One of the risks of a telephone interview is that the sound quality can be less than ideal, and sometimes there’s no way around this and we just have to try to press on with it. Under those conditions, although I get used to it,
It’s tempting to think that lexicography can go on, untroubled by the concerns of theoretical linguistics, while the rest of us plunge into round after round of bloody internecine strife. For better or worse,
It’s not surprising that human language reflects and respects logical relations – logic, in some sense, ‘works’. For linguists, this represents a potentially interesting avenue of approach to the much-debated question of innateness.
Pretty much everyone who’s done a linguistics course has come across the name of Ferdinand de Saussure – a name that’s attached to such fundamentals as the distinction between synchrony and diachrony, and the arbitrariness of the linguistic sign.
Rhythm, metaphor, politics: these three features of language simultaneously enable us to communicate with each other and go largely unnoticed in the course of that communication. In An Anatomy of Chinese: Rhythm, Metaphor,
Morphology is sometimes painted as the ‘here be dragons’ of the linguistic map: a baffling domain of idiosyncrasies and irregularities, in which Heath Robinson contraptions abound and anything goes. In his new book,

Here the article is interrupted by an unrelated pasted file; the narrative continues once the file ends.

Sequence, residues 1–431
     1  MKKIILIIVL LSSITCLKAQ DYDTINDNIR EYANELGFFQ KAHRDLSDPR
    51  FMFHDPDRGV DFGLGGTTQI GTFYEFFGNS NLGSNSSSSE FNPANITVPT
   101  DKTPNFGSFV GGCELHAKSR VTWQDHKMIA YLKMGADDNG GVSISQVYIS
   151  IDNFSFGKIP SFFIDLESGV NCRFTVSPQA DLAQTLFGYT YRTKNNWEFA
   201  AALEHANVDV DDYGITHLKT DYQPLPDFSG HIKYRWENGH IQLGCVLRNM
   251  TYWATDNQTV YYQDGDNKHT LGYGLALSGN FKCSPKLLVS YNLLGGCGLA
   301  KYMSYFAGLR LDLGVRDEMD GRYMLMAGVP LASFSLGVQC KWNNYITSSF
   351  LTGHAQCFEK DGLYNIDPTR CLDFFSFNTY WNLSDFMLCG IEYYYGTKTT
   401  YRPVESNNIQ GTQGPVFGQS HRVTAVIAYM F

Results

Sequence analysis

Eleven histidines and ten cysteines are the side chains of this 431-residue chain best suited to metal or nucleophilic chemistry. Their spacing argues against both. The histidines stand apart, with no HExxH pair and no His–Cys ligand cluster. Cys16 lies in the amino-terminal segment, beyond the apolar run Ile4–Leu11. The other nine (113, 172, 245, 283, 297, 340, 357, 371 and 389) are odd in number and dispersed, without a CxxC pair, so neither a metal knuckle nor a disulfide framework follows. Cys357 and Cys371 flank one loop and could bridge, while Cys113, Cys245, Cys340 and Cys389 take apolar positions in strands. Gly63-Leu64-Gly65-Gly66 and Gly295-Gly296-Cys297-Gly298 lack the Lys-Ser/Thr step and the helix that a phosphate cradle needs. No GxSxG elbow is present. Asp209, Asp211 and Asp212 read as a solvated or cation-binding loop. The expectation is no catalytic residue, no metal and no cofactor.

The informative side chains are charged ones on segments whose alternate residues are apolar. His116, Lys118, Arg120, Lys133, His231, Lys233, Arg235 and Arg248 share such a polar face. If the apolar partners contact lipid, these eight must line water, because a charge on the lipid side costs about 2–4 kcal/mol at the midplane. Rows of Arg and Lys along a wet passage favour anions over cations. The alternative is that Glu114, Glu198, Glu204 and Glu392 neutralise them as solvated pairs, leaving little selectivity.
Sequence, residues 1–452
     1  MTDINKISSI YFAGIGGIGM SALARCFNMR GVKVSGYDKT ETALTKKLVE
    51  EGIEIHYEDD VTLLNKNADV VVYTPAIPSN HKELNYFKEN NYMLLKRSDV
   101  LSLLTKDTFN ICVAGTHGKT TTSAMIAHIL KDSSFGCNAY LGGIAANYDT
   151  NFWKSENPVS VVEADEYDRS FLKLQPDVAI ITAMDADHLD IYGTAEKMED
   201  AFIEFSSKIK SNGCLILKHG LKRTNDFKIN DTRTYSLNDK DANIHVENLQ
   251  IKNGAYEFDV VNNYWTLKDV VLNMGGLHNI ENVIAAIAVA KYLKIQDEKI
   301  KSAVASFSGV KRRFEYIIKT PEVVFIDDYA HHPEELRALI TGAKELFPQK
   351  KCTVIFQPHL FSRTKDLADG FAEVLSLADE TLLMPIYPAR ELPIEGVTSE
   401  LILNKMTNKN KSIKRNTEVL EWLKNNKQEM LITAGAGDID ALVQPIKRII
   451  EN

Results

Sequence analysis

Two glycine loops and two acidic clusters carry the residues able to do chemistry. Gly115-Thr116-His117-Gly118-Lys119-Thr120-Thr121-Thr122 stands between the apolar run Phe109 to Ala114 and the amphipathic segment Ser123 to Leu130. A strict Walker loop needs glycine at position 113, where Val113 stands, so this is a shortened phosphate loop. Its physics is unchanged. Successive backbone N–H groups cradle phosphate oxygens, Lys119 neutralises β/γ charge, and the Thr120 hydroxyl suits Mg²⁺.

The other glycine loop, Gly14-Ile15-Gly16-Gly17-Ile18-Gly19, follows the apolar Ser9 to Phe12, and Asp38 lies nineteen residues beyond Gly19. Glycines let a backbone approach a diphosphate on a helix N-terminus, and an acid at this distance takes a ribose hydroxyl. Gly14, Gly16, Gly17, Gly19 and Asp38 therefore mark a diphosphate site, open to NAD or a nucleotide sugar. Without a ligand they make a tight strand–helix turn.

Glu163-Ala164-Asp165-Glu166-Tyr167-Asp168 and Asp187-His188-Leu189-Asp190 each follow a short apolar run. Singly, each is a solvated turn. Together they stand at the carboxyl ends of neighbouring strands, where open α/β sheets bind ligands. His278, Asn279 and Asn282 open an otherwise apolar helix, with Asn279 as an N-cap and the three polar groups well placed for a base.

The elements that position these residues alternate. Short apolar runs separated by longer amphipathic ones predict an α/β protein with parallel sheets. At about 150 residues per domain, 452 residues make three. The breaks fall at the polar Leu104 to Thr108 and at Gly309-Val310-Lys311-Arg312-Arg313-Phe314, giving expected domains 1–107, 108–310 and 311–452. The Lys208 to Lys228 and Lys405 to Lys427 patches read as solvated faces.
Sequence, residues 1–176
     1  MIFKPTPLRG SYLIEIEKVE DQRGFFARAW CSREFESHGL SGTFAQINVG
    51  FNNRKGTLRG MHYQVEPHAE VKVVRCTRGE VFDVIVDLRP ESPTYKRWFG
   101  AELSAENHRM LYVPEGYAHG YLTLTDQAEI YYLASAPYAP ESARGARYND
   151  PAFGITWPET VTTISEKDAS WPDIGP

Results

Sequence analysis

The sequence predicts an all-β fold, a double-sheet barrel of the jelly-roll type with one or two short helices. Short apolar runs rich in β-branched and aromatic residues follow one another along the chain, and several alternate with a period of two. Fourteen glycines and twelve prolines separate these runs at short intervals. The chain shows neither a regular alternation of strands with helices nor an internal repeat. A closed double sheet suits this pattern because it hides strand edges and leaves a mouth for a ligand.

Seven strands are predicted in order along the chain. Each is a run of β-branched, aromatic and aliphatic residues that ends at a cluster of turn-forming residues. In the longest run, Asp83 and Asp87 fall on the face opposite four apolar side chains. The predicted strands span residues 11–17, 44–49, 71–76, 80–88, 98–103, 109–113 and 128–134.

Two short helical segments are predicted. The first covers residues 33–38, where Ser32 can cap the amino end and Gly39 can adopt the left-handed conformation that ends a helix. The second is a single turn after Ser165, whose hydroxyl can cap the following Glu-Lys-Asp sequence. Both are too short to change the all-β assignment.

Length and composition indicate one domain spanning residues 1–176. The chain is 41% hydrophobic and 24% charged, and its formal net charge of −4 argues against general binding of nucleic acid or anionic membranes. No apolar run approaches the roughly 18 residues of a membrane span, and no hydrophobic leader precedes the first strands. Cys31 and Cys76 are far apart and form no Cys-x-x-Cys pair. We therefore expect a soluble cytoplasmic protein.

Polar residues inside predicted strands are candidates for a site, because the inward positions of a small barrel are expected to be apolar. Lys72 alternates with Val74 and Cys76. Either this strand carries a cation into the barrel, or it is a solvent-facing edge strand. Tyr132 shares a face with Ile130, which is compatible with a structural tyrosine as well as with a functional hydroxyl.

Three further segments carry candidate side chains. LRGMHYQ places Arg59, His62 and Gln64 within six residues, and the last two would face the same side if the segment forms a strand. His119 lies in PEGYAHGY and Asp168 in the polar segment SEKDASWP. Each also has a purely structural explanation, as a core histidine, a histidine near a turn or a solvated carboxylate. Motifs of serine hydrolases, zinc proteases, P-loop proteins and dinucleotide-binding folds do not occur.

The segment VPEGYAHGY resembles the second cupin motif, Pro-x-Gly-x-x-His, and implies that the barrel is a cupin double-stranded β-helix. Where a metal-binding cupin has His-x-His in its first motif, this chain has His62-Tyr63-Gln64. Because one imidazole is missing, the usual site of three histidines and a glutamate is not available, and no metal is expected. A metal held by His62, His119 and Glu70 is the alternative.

Although there seems to be a trend towards linguistic theories getting more cognitively or neurally plausible, there doesn’t seem to be an imminent prospect of a reconciliation between linguistics and neuroscience.
A problem with doing linguistics is that once you start, it’s kind of inescapable – you see it everywhere. At some point a few months back, I was watching a DVD of a comedy series and came to the conclusion that its distinctiveness was all about the wa...
In language, as in life, history is constantly repeating itself. In her book The Linguistic Cycle: Language Change and the Language Faculty (Oxford University Press, 2011), Elly van Gelderen tackles the question of such ‘cyclical’ changes.
The only disappointment with A History of Psycholinguistics: The Pre-Chomskyan Era (Oxford UP, 2012) is that, as the subtitle says, the story it tells stops at the cognitive revolution, before Pim Levelt is himself a major player in psycholinguistics.